The Centre has provided a brief submission to the Regional Telecommunications Independent Review Committee regarding the Regional Telecommunications Review 2015 Issues Paper. The Centre’s response is primarily drawn from research conducted for the two conference papers that it has delivered on the use of video conferencing technology in the delivery of pro bono legal services.
The Centre provided a submission on the proposed Continuing Professional Development Rules (Solicitors) 2014 to be made pursuant to the Legal Profession Uniform Law. This submission was supplementary to the Centre’s previous submission to the Legal Services Council on the Consultation Draft of the Legal Profession Uniform General Rules (January 2015 – see below).
The Centre was invited by the Legal Services Council to provide comments and submissions in relation to the consultation drafts of the proposed Uniform Rules to be made under the Legal Profession Uniform Law. The Centre’s submission in relation to the Legal Profession Uniform General Rules 2014 focuses on removing barriers to pro bono legal work. The submission is endorsed in full by DLA Piper Australia.
The Centre has provided a second submission to the Productivity Commission’s Inquiry in to Access to Justice Arrangements, in response to the recommendations and requests for information in the Productivity Commission’s Draft Report.
The Centre has provided a submission to the Productivity Commission’s Inquiry in to Access to Justice Arrangements. The Centre’s submission focuses on the role of pro bono legal work in providing access to justice, the cost of accessing civil justice and improving the accessibility of courts.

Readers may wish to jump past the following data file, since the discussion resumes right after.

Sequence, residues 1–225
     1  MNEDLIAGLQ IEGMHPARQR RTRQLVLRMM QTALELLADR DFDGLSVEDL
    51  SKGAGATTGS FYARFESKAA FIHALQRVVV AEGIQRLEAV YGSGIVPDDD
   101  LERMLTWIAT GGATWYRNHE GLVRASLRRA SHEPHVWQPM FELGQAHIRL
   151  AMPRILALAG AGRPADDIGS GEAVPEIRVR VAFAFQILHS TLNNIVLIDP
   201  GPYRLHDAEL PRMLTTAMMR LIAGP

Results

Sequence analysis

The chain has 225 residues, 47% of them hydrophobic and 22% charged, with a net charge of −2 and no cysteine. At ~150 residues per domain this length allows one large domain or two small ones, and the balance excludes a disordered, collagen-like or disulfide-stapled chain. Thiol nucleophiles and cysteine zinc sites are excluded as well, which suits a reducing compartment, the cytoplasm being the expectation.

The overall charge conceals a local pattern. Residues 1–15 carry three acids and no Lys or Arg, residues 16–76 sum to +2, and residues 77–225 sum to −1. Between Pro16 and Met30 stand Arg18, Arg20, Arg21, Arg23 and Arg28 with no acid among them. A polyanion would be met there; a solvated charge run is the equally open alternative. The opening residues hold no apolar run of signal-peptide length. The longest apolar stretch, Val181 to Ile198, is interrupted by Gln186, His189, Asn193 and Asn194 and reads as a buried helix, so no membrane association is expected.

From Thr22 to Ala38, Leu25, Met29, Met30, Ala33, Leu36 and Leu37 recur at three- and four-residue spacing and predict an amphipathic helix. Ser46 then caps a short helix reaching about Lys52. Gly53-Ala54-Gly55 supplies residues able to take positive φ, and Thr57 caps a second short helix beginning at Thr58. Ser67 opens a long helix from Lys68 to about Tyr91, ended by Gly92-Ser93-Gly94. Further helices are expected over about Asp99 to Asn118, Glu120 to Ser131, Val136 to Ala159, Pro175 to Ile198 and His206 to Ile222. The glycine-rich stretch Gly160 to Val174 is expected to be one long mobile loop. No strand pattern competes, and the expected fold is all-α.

The Centre was invited to submit to this inquiry and argues the case for adding a further exempt fee category to the current Federal Court rules for “those that are being acted for on a pro bono basis”.
This submission in response to Consultation Paper 13 identifies the key issues in the current legislative framework pertaining to costs orders in public interest and pro bono matters, and makes recommendations for legislative change. It refers to the preliminary submission made by the Centre in February 2010 (see below).
This submission supports reforms to simplify the regulation of not-for-profit organisations (NFP), on the basis that it would free up significant pro bono legal assistance resources which are currently directed towards assisting NFPs with matters such as their applications for deductible gift recipient status. The Centre submits that these resources could be redirected to address other unmet legal needs.
The Centre’s third submission to the Taskforce relates to the Legal Profession National Law 14 May 2010 Consultation Draft and how it has addressed concerns we have raised regarding structural barriers that exist in relation to facilitating Australian legal practitioners to undertake pro bono legal work.
This preliminary submission identifies the key issues in the current legislative framework pertaining to costs orders in public interest and pro bono matters, and makes recommendations for legislative change.